Second, the quotation from Edwards also shows that nothing, having no will, could be free or in slavery. We would not speak of a stone as having liberty or as being in bondage. The terms liberty, freedom, bondage, slavery, &c., are only applied to beings having will.

So these terms could not properly be applied to the will. They can be applied to man, for man has a will; but not to the will, for the will is never said to have a will.

We read of the "will of man" but not of the will of the will, nor do we read of the will of the will of man. "We say with propriety that a bird let loose has power and liberty to fly, but not that the bird's power of flying has a power and liberty of flying." "To be free is the property of an agent* * * as much as to be cunning, valiant, beautiful or zealous; but these qualities are the properties of persons and not the property of properties." Arminians so hold the liberty of will as that the will itself is free and can act voluntary, while freedom and voluntariness belong to the agent who has will, and not to the will itself.

The Arminian theory is that the liberty of will lies in the self-determining power of the will, "or a certain sovereignty the will has over itself * * * whereby it determines its own volitions, so as not to be dependent in its determinations on any power outside of itself."

They must hold the will to be poised or balanced and to possess power to determine its own course. Another sentiment belonging to that system is the determinations of the will are not certain or determined by any fixed principle.

A moral agent is one capable of doing right or wrong-virtuous or vicious. Herein is an important distinction between men and animals. Animals are not capable of doing morally right or wrong, and so they are not moral agents. The sun is an agent, and the most powerful agent we have ever seen with our natural eyes, but he is not a moral agent. And so everything that acts is an agent, but only those beings that act from choice and judgment and reason are moral agents. To moral agency belongs a sense of right and wrong, and in this sense I understand the words in Rom. 1:32: "Who, knowing the judgment of God, that they which do such things are worthy of death, not only do them but have pleasure in them that do them." Paul here speaks of bad men as "knowing that they that commit such things are worthy of death." This agrees with my experience in my most sinful days and I think all men have something of this experience, and this is essential to a moral agent.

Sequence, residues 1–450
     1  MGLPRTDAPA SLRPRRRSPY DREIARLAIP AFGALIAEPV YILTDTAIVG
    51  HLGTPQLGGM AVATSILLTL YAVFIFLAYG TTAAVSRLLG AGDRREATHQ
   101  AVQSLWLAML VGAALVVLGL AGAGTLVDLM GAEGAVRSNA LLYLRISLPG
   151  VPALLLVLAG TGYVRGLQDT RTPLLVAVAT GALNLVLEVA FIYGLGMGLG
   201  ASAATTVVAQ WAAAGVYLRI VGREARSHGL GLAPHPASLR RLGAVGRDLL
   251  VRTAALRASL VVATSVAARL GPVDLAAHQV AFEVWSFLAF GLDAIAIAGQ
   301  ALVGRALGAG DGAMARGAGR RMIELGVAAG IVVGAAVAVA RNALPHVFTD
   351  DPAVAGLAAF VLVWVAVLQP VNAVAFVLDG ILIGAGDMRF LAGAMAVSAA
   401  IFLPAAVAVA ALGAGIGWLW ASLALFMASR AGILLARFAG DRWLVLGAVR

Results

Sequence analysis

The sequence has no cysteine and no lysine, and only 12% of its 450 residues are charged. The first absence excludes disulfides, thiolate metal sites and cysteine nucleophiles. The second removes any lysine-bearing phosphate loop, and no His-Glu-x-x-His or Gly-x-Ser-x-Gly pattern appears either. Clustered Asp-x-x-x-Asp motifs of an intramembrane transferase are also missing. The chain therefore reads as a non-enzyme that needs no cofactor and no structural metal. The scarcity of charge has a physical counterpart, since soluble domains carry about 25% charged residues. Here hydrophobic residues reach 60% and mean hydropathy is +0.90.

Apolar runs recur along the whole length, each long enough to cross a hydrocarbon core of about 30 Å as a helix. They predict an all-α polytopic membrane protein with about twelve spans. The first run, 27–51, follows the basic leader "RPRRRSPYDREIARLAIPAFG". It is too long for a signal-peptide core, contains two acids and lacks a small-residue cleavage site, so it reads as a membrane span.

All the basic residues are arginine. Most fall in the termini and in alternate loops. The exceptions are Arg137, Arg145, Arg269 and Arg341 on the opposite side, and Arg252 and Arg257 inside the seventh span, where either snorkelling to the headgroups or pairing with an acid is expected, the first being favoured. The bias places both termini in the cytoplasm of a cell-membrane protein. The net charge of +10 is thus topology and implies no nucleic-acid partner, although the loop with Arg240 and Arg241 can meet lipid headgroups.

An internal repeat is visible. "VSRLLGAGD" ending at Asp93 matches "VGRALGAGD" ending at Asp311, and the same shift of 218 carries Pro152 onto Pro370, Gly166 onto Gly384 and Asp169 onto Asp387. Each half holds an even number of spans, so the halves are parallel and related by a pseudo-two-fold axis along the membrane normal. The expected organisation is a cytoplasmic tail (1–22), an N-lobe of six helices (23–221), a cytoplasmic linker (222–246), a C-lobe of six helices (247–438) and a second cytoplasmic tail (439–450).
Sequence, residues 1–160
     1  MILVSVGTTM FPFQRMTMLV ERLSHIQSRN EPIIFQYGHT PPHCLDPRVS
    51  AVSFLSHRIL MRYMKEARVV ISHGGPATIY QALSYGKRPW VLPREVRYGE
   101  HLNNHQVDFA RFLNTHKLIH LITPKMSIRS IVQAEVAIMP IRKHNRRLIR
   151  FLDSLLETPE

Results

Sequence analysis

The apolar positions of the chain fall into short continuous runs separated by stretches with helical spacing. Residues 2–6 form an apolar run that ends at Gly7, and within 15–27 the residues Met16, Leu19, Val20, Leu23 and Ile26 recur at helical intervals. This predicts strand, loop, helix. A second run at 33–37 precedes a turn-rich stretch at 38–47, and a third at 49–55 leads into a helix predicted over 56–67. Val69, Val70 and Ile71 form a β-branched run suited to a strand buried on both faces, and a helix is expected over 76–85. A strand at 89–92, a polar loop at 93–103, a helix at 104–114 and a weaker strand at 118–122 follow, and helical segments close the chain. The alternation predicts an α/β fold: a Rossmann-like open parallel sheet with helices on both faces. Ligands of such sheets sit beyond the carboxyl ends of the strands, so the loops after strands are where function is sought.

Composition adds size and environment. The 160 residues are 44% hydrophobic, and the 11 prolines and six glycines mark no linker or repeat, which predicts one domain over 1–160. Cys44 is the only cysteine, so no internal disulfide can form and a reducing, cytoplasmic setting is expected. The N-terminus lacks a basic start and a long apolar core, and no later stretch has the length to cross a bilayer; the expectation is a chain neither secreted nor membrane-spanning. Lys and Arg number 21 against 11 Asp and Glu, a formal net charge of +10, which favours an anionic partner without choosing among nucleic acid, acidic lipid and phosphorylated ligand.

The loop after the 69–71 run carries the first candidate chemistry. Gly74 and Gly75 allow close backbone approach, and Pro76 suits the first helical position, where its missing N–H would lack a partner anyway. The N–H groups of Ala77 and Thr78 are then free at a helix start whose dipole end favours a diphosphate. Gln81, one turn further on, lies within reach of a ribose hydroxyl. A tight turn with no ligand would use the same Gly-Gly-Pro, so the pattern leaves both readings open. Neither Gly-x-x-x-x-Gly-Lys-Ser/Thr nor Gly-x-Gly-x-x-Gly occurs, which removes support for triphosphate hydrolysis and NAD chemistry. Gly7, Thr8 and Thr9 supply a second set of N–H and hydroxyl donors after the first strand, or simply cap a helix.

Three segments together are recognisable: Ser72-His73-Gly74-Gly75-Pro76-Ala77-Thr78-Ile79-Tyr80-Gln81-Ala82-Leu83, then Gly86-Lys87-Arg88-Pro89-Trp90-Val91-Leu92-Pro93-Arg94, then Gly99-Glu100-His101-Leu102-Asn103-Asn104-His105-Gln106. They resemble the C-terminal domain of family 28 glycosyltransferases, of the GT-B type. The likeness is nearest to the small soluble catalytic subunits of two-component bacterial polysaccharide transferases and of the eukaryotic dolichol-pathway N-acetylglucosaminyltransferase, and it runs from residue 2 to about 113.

"That which may be known of God is manifest in (to) them for God hath showed it unto them."Moral law belongs to moral government, and so man, as a moral agent, is susceptible of being addressed by command, exhortation, &c. Herein man differs from stones or animals.

I will quote from Buck on "necessity." "The actions of a man may be at one and the same time free and necessary. It was infallibly certain that Judas would betray Christ, yet he did it voluntarily. Christ necessarily became man and died, yet he acted freely. A good man cloth naturally love his children, yet voluntarily. It is part of the happiness of the blessed to love God unchangeably, yet freely, for it would not be their happiness if done by compulsion, * * * that necessity doth not render actions less morally good is evident, for if necessary virtue be neither moral nor praiseworthy, it will follow that God himself is not a moral being, because he is a necessary one, and the obedience of Christ can not be good because it was necessary; further, it does not preclude the use of means. * * * It was ordained that Christ should be delivered up to death, but he could not have been betrayed without a betrayer, * * * it is not a gloomy doctrine, * * * because nothing can be more consolitary than to believe that all things are under the direction of an all wise being. * * * So far from its being inimical to happiness * * * there can be no solid happiness without it, * * * it inspires gratitude, excites confidence, teaches resignation, produces humility, and draws the soul to God."

These men held that "liberty" is consistent with certainty of events, and chance does not necessarily rule if man possesses freedom of will, but I will refer to this later.